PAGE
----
In the United States, a major outbreak of polio occurred in 1952. During that year, the disease infected around 57,000 people, killed over 3,000 and left some 20,000 with mild or debilitating paralysis. It was the last great outbreak of this disease, once one of the most feared diseases in the world.
Polio would often strike without warning. In most cases, around 75%, there were no symptoms at all, but in 0.1-0.5% of infections the patient would suffer from mild or debilitating paralysis. This would often lead to deformities in the limbs for the rest of the patient's life. In some cases, the muscles of the neck and diaphragm would be paralyzed, meaning the patient would struggle to breath on their own. In the early days, this required the use of an 'iron lung', a large negative-pressure chamber that breathed for the patient as they lay inside.
Most would be in the lung for a few weeks or a month while they were treated. A few unlucky cases would require the lung for the rest of their lives; as of 2013, there were estimated to be six to eight iron lung users, some of whom can only leave for hours at a time before they struggle to breath.
A number of famous people had polio, including singer Neil Young, Nazi Joseph Goebbels and possibly US President Franklin D. Roosevelt (he used a wheelchair for the rest of his life, but it is believed the disease could have been Guillain–Barré syndrome).
On April 12, 1955, scientist Jonas Salk announced the first successful polio vaccine, which was rapidly adopted around the world. When the news was announced, Salk was greeted as a hero, and some members of Congress even called for the day to be a national holiday.
Today polio is extremely rare. In 2019 there were 175 cases of wild polio and 364 cases of vaccine-derived polio; only Afghanistan and Pakistan reported cases of the wild disease.
Photographer: Boston Children's Hospital Archive
Location taken: Boston, Massachusetts, USA
- 1894-06-17 1st US poliomyelitis epidemic breaks out in Rutland, Vermont
- 1921-08-10 FDR stricken with a paralytic illness at summer home on Canadian island of Campobello. At the time it was thought to be polio, but could possibly have been Guillain–Barré syndrome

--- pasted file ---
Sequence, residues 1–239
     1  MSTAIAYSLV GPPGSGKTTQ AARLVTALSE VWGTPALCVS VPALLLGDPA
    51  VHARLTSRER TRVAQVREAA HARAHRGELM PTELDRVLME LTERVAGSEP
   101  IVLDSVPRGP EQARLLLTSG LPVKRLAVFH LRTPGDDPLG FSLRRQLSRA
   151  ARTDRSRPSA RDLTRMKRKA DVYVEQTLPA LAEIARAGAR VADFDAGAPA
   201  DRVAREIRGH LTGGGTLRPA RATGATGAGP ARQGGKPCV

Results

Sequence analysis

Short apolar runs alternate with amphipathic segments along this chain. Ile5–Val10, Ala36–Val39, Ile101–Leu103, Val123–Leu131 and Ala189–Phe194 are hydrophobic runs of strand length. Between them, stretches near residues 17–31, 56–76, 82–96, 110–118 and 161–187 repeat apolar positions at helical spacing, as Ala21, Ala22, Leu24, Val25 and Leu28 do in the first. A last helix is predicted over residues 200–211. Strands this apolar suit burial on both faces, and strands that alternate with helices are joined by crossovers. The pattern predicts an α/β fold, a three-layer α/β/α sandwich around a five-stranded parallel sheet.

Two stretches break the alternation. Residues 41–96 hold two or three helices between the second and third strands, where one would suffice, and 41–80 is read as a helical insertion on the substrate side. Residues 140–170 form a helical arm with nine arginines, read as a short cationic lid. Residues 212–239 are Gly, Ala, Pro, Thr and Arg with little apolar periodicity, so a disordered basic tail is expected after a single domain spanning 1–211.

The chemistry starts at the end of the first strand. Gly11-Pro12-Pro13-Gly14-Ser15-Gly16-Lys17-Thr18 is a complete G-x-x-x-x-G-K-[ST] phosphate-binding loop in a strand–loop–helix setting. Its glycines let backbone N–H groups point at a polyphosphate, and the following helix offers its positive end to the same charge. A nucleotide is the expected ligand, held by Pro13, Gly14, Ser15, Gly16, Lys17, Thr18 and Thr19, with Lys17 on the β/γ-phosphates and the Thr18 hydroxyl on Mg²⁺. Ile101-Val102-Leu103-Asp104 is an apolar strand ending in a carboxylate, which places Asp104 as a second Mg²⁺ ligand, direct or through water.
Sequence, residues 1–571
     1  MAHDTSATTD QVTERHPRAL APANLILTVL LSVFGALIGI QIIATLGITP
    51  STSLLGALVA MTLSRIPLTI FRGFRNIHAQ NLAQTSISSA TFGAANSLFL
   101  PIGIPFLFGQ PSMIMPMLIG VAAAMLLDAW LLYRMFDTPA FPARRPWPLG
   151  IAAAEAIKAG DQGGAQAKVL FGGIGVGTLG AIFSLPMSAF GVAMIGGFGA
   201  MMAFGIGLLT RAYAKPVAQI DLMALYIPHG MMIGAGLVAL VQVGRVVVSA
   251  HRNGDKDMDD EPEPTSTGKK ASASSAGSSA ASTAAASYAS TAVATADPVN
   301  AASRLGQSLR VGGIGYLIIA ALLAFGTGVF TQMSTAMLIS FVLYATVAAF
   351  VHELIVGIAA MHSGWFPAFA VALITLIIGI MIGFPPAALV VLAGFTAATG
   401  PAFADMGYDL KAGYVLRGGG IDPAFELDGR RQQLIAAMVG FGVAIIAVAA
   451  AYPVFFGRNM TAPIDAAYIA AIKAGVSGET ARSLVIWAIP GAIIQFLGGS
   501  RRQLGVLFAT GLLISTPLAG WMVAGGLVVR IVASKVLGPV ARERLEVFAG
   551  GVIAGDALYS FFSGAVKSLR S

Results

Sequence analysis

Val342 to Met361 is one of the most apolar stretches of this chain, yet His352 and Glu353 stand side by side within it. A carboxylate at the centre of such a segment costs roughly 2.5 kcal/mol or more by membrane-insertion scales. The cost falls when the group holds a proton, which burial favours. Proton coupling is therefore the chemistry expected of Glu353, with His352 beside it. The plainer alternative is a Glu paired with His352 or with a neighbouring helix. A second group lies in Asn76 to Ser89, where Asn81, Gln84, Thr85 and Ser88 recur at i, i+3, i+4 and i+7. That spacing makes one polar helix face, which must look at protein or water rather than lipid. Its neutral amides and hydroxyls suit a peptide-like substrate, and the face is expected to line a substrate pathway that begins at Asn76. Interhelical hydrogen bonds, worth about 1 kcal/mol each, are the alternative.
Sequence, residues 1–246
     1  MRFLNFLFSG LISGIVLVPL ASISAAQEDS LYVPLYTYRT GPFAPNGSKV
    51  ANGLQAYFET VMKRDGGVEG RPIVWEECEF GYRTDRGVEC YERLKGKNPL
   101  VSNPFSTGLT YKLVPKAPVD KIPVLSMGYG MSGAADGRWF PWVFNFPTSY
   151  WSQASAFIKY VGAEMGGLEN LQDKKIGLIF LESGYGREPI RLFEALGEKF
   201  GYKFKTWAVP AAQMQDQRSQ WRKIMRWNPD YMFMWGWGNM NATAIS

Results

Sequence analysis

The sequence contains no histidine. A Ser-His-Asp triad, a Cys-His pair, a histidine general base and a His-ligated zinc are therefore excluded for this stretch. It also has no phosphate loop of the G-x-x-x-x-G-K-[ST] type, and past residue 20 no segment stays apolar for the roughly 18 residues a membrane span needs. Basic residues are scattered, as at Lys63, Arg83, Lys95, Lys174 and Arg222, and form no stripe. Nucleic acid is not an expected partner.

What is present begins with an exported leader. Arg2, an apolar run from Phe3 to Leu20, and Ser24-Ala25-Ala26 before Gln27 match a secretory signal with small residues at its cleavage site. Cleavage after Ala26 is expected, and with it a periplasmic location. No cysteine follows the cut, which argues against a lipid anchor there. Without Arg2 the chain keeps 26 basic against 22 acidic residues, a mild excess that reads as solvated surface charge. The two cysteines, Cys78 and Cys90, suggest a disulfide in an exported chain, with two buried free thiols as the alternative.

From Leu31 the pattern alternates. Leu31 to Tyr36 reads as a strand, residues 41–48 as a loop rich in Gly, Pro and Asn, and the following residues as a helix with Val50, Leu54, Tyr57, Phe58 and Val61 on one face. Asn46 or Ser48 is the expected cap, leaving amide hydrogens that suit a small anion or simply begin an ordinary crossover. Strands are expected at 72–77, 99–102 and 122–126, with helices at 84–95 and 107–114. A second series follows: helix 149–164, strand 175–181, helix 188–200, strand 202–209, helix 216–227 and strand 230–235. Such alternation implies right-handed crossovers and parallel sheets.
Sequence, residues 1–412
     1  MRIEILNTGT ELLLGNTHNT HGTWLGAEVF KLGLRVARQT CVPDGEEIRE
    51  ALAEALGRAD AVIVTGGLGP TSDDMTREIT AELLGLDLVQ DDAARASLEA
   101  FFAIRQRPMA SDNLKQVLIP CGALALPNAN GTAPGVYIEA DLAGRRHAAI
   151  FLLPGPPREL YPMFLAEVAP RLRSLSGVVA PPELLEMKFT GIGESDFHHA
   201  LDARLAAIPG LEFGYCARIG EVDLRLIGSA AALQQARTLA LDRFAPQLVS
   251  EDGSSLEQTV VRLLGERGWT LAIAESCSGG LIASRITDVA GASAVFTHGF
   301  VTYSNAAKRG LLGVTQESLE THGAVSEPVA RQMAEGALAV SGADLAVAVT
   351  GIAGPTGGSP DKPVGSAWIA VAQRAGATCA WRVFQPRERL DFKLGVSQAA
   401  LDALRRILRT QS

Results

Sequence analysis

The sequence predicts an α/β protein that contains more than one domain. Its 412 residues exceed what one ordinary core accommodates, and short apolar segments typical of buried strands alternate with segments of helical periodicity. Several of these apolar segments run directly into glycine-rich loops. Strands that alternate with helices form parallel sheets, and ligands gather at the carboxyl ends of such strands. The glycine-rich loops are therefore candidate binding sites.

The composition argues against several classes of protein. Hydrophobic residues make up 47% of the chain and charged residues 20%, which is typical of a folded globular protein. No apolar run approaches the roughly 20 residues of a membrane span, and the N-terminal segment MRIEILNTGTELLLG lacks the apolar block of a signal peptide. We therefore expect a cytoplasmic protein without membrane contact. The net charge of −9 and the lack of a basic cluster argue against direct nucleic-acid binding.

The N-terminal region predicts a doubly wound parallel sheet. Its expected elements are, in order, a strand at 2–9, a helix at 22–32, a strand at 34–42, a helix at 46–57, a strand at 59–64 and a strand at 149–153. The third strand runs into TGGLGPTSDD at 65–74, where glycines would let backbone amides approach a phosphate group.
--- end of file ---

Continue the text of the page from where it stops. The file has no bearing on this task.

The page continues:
- 1938-01-03 March of Dimes established to fight polio
- 1953-03-26 Dr. Jonas Salk announces that he has successfully tested a vaccine to prevent polio, clinical trials began the next year
- 1954-02-23 1st mass inoculation against polio with the Jonas Salk vaccine takes place at Arsenal Elementary School in Pittsburgh
- 1954-04-26 Mass trials of Jonas Salk's anti-polio vaccine begin; the first shot is delivered in Fairfax County, Virginia; more than 443,000 children receive shots over three months
- 1955-04-12 Polio vaccine tested by Jonas Salk announced to be 'safe and effective' and is given full approval by the US Food and Drug Administration
- 1955-11-03 Scientists Carlton E. Schwerdt and Fred L. Schaffer announce they have crystallized the pure polio virus, meaning they can better determine the virus' chemical and biological properties
- 1956-10-06 Scientist Albert Sabin announces that his oral polio vaccine is ready for testing; it would soon supplant Jonas Salk's vaccine in many parts of the world
- 2012-02-25 World Health Organization removes India from the list of polio endemic countries
- 2012-12-18 6 health workers dispensing polio vaccinations are gunned down in Pakistan
- 2018-06-26 Polio outbreak confirmed in New Guinea by WHO, 18 years after it was declared free of the disease
- 2019-08-21 Nigeria goes three years without a case of polio in landmark toward eradication of the disease
- 2020-08-25 WHO announces that Africa has eradicated polio (defined as four years since last case)
John Snow, Cholera and the Battle for Broad Street
The 1918 Flu Pandemic
Swine Flu Pandemic